Handbook of American Private Schools

Capa
P. Sargent., 1917
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Página 30 - I thank God, there are no free schools nor printing, and I hope we shall not have these hundred years; for learning has brought disobedience, and heresy, and sects into the world, and printing has divulged them, and libels against the best government. God keep us from both!
Página 462 - To elevate the character and advance the interests of the profession of teaching, and to promote the cause of popular education in the United States.
Página 65 - A unit represents a year's study in any subject in a secondary school, constituting approximately a quarter of a full year's work.
Página 112 - it is again declared, that the first and principal object of this Institution is the promotion of true piety and virtue ; the second, instruction in the English, Latin, and Greek languages, together with writing, arithmetic, music, and the art of speaking; the third, practical geometry, logic, and geography ; and the fourth, such other...
Página 135 - Whereas, The prosperity and welfare of any people depend, in a great measure, upon the good education of youth and their early instruction in the principles of true religion and virtue, and qualifying them to serve their country and themselves by breeding them in reading, writing, and learning of languages and useful arts and sciences suitable to their sex, age, and degree, which can not be effected in any manner so well as by erecting public schools for the purposes aforesaid.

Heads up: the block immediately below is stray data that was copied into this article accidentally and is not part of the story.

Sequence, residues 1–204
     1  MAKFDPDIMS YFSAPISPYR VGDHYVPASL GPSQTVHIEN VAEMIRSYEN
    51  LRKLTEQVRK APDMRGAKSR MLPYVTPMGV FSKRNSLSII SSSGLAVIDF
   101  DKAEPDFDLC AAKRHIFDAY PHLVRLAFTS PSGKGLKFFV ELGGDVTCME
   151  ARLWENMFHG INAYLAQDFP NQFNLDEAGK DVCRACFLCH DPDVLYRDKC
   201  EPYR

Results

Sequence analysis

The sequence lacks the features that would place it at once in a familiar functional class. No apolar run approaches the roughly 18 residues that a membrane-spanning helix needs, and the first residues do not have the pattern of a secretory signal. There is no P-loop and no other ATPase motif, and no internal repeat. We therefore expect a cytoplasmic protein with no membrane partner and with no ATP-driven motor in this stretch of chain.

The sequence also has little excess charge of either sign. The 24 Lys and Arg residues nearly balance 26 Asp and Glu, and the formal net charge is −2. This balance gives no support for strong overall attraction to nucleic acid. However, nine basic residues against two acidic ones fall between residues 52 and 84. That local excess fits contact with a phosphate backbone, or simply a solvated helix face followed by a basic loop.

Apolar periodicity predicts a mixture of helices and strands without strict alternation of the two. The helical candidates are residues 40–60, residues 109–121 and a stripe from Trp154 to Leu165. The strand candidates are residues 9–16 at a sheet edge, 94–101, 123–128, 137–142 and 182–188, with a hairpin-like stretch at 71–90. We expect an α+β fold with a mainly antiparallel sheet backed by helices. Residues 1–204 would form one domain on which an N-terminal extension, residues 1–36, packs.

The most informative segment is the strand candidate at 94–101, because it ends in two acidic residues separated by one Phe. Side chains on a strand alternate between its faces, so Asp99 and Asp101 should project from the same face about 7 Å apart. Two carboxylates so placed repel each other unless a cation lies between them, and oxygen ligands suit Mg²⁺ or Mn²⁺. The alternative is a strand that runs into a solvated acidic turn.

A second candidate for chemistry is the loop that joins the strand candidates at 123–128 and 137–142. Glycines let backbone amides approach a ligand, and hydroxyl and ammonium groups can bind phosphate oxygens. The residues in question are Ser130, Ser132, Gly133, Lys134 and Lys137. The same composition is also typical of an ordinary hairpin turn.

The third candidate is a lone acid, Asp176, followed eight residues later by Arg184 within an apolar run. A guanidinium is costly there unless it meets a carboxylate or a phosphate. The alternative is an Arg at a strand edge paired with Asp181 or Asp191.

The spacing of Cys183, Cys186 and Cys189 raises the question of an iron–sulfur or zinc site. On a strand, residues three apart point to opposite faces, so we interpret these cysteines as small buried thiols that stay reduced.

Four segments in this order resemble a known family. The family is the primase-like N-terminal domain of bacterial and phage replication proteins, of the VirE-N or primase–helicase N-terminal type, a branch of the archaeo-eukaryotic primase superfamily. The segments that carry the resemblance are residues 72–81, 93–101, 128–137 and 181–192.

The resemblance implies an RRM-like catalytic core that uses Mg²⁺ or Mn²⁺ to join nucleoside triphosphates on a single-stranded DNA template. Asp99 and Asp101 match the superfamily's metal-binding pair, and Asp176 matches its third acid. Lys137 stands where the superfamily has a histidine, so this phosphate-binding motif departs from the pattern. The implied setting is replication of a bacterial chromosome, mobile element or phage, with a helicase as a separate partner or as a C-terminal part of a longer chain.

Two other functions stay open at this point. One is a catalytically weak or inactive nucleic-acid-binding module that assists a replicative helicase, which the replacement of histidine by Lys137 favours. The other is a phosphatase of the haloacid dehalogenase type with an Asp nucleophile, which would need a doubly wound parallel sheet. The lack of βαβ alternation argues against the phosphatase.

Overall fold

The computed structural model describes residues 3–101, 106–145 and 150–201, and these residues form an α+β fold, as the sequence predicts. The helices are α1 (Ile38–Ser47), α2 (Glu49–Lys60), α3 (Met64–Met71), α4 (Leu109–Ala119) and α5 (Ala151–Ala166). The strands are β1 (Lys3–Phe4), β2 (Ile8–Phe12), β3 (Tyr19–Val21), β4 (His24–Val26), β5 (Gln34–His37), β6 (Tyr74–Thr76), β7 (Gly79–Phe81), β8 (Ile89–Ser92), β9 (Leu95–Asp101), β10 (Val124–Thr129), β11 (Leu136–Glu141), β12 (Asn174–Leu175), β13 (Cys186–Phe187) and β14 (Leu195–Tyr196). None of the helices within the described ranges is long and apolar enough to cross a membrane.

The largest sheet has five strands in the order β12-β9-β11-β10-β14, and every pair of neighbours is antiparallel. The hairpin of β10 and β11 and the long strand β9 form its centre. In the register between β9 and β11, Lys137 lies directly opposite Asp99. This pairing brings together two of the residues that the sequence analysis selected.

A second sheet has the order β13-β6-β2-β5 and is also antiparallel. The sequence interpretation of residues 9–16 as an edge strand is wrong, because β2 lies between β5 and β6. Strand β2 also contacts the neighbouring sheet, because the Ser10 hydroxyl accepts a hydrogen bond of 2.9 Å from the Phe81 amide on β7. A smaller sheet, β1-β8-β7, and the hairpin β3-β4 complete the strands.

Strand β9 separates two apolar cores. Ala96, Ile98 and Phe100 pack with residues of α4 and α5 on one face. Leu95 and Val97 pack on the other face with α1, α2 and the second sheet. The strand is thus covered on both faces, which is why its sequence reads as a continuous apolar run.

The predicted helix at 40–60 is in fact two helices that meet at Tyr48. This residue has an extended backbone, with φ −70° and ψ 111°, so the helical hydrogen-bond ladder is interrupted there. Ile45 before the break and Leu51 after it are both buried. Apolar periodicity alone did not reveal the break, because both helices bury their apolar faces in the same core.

Página 109 - Illustris upon that little nursery; that is, that Roxbury has afforded more scholars first for the College and then for the public than any town of its bigness, or, if I mistake not, of twice its bigness in all New England. From the spring of the school at Roxbury, there have run a large number of the streams which have made glad the whole city of God.
Página 109 - When any Schollar is able to understand Tully, or such like classical Latine Author extempore, and make and speake true Latine in Verse and Prose, suo ut aiunt Marte; And decline perfectly the Paradigm's of Nounes and Verbes in the Greek tongue: Let him then and not before be capable of admission into the Colledge.
Página 32 - ... for a school, for encouragement of the poorer sort, to train up their youth in learning, and Mr.
Página 66 - For mankind are by no means agreed about the things to be taught, whether we look to virtue or the best life. Neither is it clear whether education is more concerned with intellectual or with moral virtue. The existing practice is perplexing; no one knows on what principle we should proceed — should the useful in life, or should virtue, or should the higher knowledge, be the aim of our training; all three opinions have been entertained.
Página 32 - ... them in reading, writing, and learning of languages, and useful arts and sciences, suitable to their sex, age, and degree, which cannot be effected in any manner so well as by erecting public schools, for the purposes aforesaid...

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